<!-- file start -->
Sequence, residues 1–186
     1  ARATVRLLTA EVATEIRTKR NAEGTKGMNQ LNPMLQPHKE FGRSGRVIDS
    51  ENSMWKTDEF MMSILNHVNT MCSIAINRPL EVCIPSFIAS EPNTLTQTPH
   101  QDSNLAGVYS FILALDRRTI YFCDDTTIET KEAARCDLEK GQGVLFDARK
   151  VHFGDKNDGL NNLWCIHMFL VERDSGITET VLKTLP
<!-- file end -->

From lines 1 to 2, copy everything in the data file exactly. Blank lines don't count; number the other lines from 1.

Sequence, residues 1–186
     1  ARATVRLLTA EVATEIRTKR NAEGTKGMNQ LNPMLQPHKE FGRSGRVIDS